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How does sustainability-oriented innovation effect on customer and financial performance?
The long-standing discussion on whether sustainability pays off has yielded mixed results. However, many influential papers have come to the understanding that a virtuous circle is created between business sustainability and financial performance through the mediation of reputation enhancement, employee satisfaction and retention, etc (e.g., Surroca et al., 2010). In the case of sustainability-oriented innovation (SOI), market performance has not been a major area of scholarly discussion. However, several previous studies have identified several contingencies in which SOI may not financially pay off (e.g. Przychodzen & Przychodzen, 2015; Pujari, 2006). This leads us to examine the relationship between SOI and performance also from the angles of customer performance and market performance.
We collected data from November 2015 to April 2016 through a phone and online survey. Our sample was composed of companies of 50 or more employees in the Basque Country (Spain). The questionnaire was based on close-ended, multiple-choice questions. We obtained full data from 170 companies (19.5% response rate). We obtained already developed scales for the dependent variables: customer and financial performance (Hooley et al., 2005). Its reliability as a reflective measure was tested for each of them, resulting in a Cronbach α of over 0.8. As for the independent variables, they are self-developed measure covering five dimensions of sustainability-oriented innovation, each with three formative items, which after factor rotation result in three categories (process, product and service). We measured the reliability of each of the categories, obtaining a Cronbach α of above 0.9 for all of the cases. We used the variables size (measured in turnover), degree of sustainability orientation of the firm, industry and R&D intensity as controls. We performed structural equation analysis.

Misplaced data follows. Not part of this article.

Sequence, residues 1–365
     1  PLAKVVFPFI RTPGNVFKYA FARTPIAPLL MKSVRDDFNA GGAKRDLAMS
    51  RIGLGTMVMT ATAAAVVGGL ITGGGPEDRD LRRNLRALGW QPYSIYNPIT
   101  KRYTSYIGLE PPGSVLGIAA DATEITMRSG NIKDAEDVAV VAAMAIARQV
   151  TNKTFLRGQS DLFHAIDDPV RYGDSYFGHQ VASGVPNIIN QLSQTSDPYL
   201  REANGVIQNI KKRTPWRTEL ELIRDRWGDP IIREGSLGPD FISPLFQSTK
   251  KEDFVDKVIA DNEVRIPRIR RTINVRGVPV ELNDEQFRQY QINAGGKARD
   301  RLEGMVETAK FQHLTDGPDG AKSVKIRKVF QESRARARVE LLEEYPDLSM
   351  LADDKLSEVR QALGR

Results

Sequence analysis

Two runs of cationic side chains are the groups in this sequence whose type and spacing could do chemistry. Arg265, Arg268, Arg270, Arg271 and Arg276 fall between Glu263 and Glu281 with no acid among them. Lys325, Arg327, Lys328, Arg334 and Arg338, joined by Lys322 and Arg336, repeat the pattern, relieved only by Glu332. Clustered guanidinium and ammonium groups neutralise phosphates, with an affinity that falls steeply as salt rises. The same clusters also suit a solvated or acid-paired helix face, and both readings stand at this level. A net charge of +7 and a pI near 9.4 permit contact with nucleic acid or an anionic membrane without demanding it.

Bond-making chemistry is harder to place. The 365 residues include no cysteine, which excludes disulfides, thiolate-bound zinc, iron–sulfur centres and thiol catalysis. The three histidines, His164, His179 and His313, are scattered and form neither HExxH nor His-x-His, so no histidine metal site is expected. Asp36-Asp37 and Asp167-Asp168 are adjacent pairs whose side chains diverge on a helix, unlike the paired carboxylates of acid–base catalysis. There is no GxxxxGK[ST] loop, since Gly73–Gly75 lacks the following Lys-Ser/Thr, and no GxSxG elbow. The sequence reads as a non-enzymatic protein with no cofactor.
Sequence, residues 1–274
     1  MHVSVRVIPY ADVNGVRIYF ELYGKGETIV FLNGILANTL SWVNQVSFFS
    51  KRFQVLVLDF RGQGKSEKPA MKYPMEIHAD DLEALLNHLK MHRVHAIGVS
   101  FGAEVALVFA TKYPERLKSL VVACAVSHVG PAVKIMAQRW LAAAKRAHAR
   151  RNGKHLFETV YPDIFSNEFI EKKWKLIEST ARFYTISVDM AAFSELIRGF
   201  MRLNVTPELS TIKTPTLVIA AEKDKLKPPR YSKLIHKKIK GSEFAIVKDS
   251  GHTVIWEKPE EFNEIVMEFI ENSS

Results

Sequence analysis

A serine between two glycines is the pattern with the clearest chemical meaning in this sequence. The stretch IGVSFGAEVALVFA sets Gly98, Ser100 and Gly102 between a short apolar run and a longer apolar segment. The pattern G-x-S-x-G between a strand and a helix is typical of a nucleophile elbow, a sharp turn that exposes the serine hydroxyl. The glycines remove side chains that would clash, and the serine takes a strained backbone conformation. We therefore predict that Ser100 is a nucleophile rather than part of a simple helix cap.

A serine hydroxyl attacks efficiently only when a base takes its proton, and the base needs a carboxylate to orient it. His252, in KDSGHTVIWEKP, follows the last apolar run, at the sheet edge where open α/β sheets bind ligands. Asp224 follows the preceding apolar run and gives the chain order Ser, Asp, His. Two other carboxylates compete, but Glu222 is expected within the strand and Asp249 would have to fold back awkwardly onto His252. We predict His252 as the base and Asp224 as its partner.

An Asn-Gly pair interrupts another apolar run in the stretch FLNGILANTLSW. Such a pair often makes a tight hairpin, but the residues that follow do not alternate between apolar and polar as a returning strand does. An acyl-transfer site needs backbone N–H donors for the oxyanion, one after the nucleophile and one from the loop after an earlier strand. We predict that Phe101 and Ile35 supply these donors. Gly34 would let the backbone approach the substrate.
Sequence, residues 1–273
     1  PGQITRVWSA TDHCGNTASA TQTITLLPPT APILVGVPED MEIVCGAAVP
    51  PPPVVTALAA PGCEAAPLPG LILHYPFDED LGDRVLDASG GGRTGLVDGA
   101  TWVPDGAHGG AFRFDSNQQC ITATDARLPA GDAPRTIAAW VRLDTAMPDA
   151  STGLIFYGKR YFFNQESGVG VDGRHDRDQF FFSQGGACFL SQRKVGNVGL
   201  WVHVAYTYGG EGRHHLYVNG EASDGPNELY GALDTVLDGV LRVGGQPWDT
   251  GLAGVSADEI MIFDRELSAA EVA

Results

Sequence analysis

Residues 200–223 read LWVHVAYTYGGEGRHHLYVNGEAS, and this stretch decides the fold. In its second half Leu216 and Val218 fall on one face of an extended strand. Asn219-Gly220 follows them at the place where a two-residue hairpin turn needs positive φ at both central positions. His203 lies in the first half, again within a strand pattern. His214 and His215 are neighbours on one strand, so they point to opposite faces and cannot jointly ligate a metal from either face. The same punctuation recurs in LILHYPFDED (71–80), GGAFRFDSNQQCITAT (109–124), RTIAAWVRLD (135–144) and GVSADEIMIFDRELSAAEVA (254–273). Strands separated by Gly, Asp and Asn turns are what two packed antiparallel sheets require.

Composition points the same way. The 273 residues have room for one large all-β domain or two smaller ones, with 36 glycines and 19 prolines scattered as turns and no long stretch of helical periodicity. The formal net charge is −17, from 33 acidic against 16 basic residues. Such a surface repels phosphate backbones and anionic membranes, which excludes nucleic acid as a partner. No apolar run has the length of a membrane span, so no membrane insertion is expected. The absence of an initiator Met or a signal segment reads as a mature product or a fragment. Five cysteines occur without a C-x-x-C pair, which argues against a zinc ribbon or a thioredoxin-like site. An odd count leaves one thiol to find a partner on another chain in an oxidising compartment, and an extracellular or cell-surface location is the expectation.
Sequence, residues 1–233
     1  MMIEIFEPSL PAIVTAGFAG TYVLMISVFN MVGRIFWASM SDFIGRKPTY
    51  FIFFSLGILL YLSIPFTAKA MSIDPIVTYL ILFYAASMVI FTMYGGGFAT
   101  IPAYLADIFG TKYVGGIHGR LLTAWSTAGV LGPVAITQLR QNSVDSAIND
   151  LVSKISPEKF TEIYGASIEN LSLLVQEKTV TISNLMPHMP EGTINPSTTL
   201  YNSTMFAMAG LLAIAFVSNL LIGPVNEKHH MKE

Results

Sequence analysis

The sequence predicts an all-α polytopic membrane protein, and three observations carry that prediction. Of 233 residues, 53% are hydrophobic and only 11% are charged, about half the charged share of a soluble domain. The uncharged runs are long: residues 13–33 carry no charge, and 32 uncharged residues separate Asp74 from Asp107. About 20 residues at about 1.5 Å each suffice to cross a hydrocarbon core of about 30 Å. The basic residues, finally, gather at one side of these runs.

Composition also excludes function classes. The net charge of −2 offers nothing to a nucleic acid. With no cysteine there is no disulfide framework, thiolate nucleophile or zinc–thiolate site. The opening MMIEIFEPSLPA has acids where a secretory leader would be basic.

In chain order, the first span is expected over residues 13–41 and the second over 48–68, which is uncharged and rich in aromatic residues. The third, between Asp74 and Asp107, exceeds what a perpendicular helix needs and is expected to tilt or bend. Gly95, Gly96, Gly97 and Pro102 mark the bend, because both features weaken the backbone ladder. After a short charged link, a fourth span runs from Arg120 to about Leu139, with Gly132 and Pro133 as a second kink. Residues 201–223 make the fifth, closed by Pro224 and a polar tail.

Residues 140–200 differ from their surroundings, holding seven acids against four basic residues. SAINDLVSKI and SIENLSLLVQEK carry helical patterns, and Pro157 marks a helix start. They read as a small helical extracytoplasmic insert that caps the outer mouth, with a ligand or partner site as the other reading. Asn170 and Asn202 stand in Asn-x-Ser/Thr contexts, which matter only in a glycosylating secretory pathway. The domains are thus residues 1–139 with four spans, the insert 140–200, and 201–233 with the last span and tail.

The results show that sustainability-oriented innovations particularly in the process category result in increased financial as well as customer performance. Furthermore, SOI innovation in product category increases customer performance. In addition, sustainability-oriented innovation in services was not related to either type of performance, which may be related to the fact that this is still underdeveloped (it was not prevalent among the surveyed companies). Finally, we did further tests with sub-samples of firms representing different strategic archetypes (as defined in the classic categorization by Miles & Snow, 1978). We found that firms representing prospectors, analyzers, defenders and reactors had distinctively different performance profiles as it comes to SOI. These results show that SOI related benefits are dependent on the firms’ strategic alignment with the markets, some strategies being more adept to particular type of SOI than others.